Screen Print - Set of 5 - Signed - Edition of 100 - 2017
|Title of artwork:||Pure Evil - Art Car Boot Fair 2017 - Set of 5|
5 x Signed Limited Edition Prints
Art Car Boot Fair 2017
1. Kurt Cobain
2. Sharon Tate
4. Queen Elizabeth
5. Audrey Hepburn
Approx. Size: 350 x 500mm (each)
Edition of 100 (each)
Hand signed and numbered by Pure Evil.
Photos of actual prints.
Stored: Flat, Smoke Free Environment
Somewhere between the 1535 execution of Sir Thomas More and , Charles Uzzell Edwards became the street artist known as Pure Evil. It’s a pairing of odd lineage that has produced fanged bunnies and Warhol-esque portraiture famous throughout the streets and galleries of the world.
A child of contemporary London and San Francisco, Pure Evil is also a child of his times. His art of primarily modern icons expresses both biographical signature and western culture critique. His pop culture symbols are spewed, and therefore viewed, along the urban and artistic landscape from Sao Paulo to Sydney. It’s the artistic and commercial success that has allowed his London gallery to host shows for more than 60 independent artists.
Pure Evil was born in the form of Charles Uzzell Edwards in South Wales–the year most commonly cited is 1968. He grew up in a world of art thanks to his father, Welsh painter John Uzzell Edwards. The father’s artwork undoubtedly impacted the son, demonstrating a range of influences from cubism to minimalism, from Matisse to Chagall.
The physical and cultural landscape of the 1990’s U.S. intrigued and beckoned the young Pure Evil–upon completing his studies in graphics and fashion he set off for California’s West Coast. He established himself in San Francisco, working for the Anarchic Adjustment clothing label as a designer. He produced countless t-shirt graphics for screen printing, dropped in on the west coast party scene, and dropped a lot of psychedelics. Pure Evil also became involved in the musical fabric of San Francisco and worked as an electronic recording artist for Peter Namlook’s ambient music label, FAX (based in Frankfurt, Germany).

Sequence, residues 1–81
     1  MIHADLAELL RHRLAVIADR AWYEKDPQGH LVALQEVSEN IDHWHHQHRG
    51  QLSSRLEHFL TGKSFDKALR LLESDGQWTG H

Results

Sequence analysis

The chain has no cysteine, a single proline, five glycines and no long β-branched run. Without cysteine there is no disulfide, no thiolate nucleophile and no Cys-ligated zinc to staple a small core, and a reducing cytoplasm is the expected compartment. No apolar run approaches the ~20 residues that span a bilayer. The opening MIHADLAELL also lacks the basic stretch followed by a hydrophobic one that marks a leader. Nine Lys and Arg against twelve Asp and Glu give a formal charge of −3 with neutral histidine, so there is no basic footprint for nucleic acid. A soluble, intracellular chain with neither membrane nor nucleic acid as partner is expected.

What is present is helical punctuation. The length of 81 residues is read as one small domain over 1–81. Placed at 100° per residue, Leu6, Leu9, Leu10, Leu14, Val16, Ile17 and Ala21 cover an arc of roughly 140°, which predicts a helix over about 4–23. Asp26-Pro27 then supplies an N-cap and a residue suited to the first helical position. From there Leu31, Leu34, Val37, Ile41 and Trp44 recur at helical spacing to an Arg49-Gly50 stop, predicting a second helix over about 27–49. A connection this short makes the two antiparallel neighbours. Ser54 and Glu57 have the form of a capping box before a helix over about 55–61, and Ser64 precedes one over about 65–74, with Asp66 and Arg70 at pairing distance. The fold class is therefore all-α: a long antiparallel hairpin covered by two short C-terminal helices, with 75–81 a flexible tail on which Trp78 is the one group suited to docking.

Street art of course proved to be Pure Evil’s most important artistic discovery during those 10 years. Inspired by the initial influence of Twist and Reminisce, with a dose of skate culture thrown in, Pure Evil graced freeways with “Dump Bush” slogans and tagged gun stores as “Murderers.” But there was one image he couldn’t fulfill with graffiti or sketches–Pure Evil longed for “dirty London.”
He returned to his homeland in the new millennium. It was no coincidence that fang-sporting bunnies began appearing on the streets of “The Smoke.” The artist explained several years later in a BBC Blast interview that the bad bunny showed up one day in his sketchbook. The image came from a hare that he had dispatched in his youth and had returned to haunt him for his past sins. The label “Pure Evil” went bag and baggage with the symbol, and the artist adopted the new name.
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|Member since:||September 27, 2016|
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